Animal agriculture is one of the most harmful industries to the planet, being a leading source of carbon emissions, water usage and deforestation.
According to the UN’s Food and Agriculture Organisation (FAO), livestock is responsible for 14.% of all anthropogenic greenhouse gas (GHG) emissions globally. Nearly half of these emissions are methane, a GHG with a 100-year global warming potential that is 28 to 34 times more than carbon.
In addition to its high emissions, the meat industry also poses a threat to the climate through the sector’s mass deforestation activities, clearing important carbon sinks to make room for land to raise cattle and to grow feed for the livestock.
The FAO estimates that livestock grazing is responsible for almost 40% of global forest loss, and much of the deforestation is in crucial tropical forests such as the Amazon, which are hubs of biodiversity and carbon sequestration.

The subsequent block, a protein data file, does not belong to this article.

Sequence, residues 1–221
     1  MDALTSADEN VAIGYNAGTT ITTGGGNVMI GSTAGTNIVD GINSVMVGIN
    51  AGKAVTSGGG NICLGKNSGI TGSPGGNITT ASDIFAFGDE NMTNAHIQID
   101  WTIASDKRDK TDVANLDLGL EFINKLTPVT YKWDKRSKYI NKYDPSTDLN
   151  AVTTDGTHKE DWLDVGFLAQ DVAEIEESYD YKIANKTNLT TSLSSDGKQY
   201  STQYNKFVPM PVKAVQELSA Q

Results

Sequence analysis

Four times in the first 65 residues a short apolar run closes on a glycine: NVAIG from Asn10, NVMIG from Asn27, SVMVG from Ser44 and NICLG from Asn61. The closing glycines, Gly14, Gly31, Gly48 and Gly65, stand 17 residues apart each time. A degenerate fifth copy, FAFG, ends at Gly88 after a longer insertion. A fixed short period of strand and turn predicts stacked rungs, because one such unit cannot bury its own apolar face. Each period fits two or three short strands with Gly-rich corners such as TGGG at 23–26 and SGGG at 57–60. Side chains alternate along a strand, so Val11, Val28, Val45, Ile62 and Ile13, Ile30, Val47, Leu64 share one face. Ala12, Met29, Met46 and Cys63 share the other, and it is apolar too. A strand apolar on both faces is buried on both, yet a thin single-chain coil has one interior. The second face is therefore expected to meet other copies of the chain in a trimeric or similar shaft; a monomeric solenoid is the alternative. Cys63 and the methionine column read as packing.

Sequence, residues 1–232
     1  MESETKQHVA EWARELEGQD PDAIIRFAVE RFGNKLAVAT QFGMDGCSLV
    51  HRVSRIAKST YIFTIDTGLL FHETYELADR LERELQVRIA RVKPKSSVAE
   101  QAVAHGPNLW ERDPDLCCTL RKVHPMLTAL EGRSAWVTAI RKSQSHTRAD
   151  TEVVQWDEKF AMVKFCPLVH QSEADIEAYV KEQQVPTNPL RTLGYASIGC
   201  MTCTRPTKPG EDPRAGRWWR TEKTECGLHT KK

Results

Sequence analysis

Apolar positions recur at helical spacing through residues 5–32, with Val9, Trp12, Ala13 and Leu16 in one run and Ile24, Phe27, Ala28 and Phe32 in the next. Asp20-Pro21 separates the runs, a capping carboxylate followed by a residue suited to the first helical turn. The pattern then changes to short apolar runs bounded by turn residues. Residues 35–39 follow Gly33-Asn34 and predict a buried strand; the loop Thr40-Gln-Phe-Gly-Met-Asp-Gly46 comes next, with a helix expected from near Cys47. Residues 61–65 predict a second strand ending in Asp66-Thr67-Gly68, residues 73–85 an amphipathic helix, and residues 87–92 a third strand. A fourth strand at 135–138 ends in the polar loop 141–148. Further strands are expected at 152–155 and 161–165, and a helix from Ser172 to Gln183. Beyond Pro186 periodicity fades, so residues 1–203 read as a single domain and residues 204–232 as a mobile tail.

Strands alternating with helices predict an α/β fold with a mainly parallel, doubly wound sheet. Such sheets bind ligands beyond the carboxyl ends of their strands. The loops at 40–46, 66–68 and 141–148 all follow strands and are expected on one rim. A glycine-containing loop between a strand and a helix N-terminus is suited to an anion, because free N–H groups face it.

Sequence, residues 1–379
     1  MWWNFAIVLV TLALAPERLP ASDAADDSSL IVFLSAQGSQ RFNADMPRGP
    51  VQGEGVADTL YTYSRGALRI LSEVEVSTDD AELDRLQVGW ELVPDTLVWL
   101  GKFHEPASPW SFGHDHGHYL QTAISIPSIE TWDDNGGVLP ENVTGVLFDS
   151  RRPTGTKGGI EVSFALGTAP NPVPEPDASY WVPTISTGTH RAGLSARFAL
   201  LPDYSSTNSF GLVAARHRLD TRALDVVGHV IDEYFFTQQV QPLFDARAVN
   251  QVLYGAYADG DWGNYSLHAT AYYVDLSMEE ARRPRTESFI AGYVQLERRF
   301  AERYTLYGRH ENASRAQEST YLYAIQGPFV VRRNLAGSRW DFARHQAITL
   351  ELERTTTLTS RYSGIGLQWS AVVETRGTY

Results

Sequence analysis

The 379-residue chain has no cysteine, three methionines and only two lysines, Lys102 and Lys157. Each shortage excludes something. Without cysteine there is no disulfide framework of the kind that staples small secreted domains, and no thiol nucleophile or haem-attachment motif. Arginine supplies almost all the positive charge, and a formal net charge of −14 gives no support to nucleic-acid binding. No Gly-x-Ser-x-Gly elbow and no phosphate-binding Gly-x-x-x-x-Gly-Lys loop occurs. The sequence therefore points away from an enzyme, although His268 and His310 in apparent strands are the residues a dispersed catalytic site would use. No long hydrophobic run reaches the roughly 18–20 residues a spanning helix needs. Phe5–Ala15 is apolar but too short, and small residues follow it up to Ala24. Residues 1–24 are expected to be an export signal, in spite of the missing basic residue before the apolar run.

The nonprofit World Wildlife Fund (WWF) estimates that the beef industry alone is responsible for one-quarter of global land use, land-use change and forestry emissions.
Deforestation and land use change are significant contributors to the world’s ability to mitigate climate change, as they impact biodiversity, soil quality, carbon sequestration potential and overall resilience to the impacts of climate change.
By cultivating meat from cells, GOOD Meat claims to emit 92% less carbon and use 95% less land compared to the conventional meat industry, making it a notably more sustainable option to fuel meat demand while limiting the impact on the planet.
Sustainable protein is important element of China’s five year plan
China is continuing to accelerate its economic development, lifting more and more of its citizens out of poverty and creating a large middle class. The emergence of this middle class is driving the country’s rapidly growing demand for meat products.